EC’s recommendations pinpoint Poland’s system flaws

The European Commission has just published its country-specific recommendations indicating the macroeconomic areas on which the Member States need to focus on. The guidance is part of the European Semester economic policy coordination programme.

The aim of country-specific recommendations (CSRs) is to highlight the areas that each country needs to improve in order to boost its economic growth, create job opportunities, and facilitate investment and innovation. The document give directions for activity in the next 12-18 months.

The recommendations concern different areas for different Member States. CSRs for Poland touch on such issues as public finances, education, taxation, green energy and employment. The Commission’s assessed Polish reform programme and convergence programme that had been provided to Brussels in April.

In its guidance for Poland, the Commission focuses on the fiscal policy. Brussels warns that it is likely that Poland will fail to comply with the Stability and Growth Pack. The country will not meet its budget deficit objective before 2019. Preventive measures need to be taken so that the country does not fall deeper into debt. Moreover, it has been stressed that Poland needs a fiscal council.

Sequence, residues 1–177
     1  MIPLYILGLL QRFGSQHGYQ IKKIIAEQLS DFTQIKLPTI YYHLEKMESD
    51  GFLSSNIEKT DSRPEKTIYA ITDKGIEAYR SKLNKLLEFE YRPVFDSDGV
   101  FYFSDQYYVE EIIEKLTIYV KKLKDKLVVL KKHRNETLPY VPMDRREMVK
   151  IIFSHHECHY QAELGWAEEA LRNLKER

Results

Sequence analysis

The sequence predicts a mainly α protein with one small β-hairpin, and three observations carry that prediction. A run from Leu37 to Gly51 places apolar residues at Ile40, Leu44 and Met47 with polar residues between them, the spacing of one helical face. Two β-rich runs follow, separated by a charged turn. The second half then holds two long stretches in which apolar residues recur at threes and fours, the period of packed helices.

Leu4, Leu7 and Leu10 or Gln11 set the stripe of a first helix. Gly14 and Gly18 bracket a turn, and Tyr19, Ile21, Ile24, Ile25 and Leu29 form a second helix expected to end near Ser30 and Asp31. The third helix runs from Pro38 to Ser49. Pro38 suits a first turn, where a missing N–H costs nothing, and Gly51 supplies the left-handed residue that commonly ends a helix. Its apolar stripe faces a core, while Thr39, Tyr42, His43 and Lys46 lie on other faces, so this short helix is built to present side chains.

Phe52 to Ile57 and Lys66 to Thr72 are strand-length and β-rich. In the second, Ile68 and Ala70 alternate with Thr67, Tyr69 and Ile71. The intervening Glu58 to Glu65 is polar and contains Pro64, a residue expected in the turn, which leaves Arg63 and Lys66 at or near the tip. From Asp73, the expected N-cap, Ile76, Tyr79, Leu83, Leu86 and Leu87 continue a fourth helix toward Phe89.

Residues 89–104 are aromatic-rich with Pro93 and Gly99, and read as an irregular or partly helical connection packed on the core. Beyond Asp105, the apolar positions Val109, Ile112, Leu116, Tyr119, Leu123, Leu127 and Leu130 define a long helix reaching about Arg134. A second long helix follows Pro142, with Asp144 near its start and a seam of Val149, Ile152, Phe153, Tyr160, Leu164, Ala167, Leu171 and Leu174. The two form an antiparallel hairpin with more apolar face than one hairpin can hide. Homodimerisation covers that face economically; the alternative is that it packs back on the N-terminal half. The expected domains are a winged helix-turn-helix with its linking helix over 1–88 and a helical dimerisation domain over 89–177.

A big challenge for Poland is closing the taxation gap and countering VAT fraud. Polish fiscal administration has been described in the document as inefficient. It has been stressed that Poland has a very high cost-of-collection ratio, i.e. the costs of collecting taxes are quite substantial.

Another important issue is the labour market. Poland’s working population is aging fast. What is more, the education system does not prepare young people for the challenges of modern economy and demands of the present-day labour market. Financing of higher education has also been criticised, as well as inadequate availability of pre-school education.

Poland should concern introducing changes to the state pension system. The country offers favourable treatment to farmers and those employed in the mining industry. Inequality of the pension system involves substantial budget spending. Actual retirement age is Poland is below the country’s statutory retirement age.

To sum up, the Commission recommends Poland to execute a stricter budget policy and improve tax collection, introduce a pension system reform and increase labour market participation (especially among women) and also boost investment in transport and energy infrastructure and increase the coverage of spatial planning.